Public lecture: Life of a brilliant physicist killed at Gallipoli

04 March 2015

A young English soldier and brilliant physicist killed at Gallipoli while acting as Signals Officer in support of Allied troops during the ANZAC Breakout operation will be the subject of a public lecture at the University of Auckland this month.

The lecture, part of the Centenary celebrations of the School of Chemical Sciences, will be given by Professor Russell Egdell of Oxford University’s Department of Chemistry. Professor Egdell is both a Professor of Chemistry and a science historian who has studied the life and work of Henry Gwyn Jeffreys Moseley, who died on 10th August 1915 at the age of 27 with a research career already behind him that had changed science forever.

Moseley was widely regarded as the leading physicist of his generation and was nominated for the 1916 Nobel Prizes in both chemistry and physics. His death came before the Committees completed their deliberations. He was however awarded the Italian Matteucci Medal posthumously in 1919 - the next recipient, in 1921, was Albert Einstein.

In a brief but mercurial research career lasting between October 1910 and June 1914, he devised and completed experimental work which established the concept of atomic number as the charge on the nucleus of the atom. He worked first under New Zealand’s famous scientist Ernest Rutherford and later as an independent researcher in Oxford.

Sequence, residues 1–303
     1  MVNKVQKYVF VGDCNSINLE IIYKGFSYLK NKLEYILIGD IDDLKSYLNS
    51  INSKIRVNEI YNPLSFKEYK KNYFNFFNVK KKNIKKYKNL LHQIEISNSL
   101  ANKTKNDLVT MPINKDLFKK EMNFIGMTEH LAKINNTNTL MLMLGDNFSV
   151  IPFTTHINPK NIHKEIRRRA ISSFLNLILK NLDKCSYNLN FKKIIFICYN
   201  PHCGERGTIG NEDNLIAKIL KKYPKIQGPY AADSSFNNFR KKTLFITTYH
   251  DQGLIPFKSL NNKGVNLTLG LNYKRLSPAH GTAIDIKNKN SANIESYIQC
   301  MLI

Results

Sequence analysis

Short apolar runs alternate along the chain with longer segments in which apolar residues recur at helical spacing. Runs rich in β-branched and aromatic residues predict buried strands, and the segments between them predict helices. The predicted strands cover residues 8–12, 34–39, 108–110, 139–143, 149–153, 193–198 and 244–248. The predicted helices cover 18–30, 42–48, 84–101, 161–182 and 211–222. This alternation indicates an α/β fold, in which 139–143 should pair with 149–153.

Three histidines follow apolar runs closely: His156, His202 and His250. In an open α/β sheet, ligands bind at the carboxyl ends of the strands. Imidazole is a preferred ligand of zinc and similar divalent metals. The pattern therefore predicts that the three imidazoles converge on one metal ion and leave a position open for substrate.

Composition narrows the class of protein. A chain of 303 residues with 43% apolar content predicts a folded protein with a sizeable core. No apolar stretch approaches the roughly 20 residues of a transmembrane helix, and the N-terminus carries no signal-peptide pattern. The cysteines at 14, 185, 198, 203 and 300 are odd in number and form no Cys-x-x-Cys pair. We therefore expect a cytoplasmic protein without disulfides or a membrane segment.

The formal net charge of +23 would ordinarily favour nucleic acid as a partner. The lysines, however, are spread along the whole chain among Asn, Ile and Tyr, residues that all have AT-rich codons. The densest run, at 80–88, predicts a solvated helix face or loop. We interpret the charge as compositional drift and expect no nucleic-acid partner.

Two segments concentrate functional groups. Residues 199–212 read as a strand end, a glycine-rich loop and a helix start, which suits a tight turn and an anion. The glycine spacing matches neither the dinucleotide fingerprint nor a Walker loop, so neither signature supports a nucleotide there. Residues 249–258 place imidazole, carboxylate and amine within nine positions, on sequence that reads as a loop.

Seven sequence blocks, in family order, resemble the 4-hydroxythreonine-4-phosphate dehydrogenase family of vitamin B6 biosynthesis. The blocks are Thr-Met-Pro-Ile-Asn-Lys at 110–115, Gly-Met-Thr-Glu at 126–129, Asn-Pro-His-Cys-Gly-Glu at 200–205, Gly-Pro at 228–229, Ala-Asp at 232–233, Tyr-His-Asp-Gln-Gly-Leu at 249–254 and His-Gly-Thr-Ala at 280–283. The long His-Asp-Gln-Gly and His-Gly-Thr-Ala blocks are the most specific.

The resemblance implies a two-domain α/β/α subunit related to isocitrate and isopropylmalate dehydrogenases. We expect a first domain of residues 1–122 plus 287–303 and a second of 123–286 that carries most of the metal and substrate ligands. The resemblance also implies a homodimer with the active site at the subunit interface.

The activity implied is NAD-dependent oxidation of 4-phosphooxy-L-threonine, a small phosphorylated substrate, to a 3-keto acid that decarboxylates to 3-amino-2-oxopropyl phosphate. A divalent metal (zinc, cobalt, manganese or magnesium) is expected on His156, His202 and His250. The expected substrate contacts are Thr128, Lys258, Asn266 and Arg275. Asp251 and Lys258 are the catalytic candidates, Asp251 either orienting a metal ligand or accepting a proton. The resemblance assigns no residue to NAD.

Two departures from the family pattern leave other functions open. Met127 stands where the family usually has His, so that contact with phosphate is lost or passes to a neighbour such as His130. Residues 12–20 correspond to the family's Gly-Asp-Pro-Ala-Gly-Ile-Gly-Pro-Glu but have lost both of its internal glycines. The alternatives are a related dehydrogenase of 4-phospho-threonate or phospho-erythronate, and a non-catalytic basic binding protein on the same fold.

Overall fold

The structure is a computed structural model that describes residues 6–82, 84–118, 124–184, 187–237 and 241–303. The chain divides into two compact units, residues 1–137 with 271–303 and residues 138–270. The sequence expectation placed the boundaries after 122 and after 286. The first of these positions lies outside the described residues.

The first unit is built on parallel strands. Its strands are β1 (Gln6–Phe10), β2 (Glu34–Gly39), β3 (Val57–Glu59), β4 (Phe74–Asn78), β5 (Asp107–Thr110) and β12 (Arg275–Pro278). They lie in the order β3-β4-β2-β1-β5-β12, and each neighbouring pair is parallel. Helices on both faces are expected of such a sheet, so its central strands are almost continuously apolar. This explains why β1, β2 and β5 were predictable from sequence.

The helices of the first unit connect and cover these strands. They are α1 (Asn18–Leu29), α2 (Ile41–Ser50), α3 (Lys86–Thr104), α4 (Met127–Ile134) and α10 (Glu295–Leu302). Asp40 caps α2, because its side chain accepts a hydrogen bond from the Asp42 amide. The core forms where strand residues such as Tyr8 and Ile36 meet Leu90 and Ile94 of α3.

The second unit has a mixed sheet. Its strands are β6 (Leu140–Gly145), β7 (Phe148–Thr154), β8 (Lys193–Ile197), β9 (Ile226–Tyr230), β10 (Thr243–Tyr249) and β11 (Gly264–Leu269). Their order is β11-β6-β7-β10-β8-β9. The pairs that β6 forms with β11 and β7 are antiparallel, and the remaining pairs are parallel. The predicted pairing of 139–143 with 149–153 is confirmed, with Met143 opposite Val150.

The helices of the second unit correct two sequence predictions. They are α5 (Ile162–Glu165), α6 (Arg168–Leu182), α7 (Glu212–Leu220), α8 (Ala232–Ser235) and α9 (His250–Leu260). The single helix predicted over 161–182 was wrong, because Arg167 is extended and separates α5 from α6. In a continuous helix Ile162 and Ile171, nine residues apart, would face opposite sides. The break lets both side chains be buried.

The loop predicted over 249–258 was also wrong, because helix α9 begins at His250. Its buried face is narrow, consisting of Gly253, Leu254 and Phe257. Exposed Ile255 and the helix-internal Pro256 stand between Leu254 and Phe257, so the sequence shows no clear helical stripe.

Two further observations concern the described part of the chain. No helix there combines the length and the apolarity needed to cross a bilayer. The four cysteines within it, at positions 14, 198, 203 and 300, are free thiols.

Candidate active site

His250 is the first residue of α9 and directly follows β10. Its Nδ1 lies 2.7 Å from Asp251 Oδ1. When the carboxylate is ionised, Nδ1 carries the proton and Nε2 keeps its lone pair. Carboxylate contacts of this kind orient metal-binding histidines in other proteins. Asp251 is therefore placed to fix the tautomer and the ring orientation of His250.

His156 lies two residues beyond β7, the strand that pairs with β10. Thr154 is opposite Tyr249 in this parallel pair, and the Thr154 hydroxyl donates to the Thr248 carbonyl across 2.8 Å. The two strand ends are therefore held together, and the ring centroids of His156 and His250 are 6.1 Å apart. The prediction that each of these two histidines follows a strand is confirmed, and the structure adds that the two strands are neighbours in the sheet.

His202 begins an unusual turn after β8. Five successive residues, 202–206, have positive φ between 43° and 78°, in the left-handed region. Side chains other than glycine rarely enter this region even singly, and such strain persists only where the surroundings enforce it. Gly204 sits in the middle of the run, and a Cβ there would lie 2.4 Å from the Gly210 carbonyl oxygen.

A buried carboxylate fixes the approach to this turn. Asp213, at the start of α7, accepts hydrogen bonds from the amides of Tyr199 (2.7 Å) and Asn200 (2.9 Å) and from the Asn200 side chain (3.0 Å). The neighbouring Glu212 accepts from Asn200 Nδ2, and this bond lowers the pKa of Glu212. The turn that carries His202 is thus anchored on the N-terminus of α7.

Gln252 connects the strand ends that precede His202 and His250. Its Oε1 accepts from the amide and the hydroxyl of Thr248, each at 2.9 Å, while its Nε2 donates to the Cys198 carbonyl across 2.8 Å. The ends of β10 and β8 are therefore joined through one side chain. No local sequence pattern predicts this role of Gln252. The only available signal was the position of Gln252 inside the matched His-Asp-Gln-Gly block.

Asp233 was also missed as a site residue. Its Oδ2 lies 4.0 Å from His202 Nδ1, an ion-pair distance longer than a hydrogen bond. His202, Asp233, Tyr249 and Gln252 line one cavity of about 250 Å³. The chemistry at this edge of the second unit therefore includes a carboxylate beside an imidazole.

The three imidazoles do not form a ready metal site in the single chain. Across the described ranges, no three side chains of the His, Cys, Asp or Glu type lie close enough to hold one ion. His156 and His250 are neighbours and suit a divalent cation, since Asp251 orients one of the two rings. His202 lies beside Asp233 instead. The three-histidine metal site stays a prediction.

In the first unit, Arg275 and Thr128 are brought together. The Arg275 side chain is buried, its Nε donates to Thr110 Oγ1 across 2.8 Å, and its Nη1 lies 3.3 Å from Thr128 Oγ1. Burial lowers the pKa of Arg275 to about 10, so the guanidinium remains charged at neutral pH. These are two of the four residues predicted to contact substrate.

Moseley’s work underpinned almost all subsequent developments in chemistry and physics. In particular it provided the framework for putting the periodic table into its modern form and established X-ray spectroscopy as a wide ranging analytical technique.

Professor Egdell’s lecture will explore Moseley’s role in the ill-fated Gallipoli expedition and the circumstances of his death during one of the pivotal battles of the August Offensive. It will also consider the huge impact Moseley’s work has had on chemistry and physics in the 20th and 21st centuries.

Henry Moseley: the Life and Legacy of a Lost Nobel Laureate by Professor Egdell will be held on Saturday 14 March.

For details go to: www.chemistry.auckland.ac.nz/en/about/our-school/centenary-celebration.html

The 100th Anniversary of the School of Chemical Sciences at the University of Auckland is being celebrated with a range of public events and distinguished visitor lectures.

For media enquiries, please contact Anne Beston - a.beston@auckland.ac.nz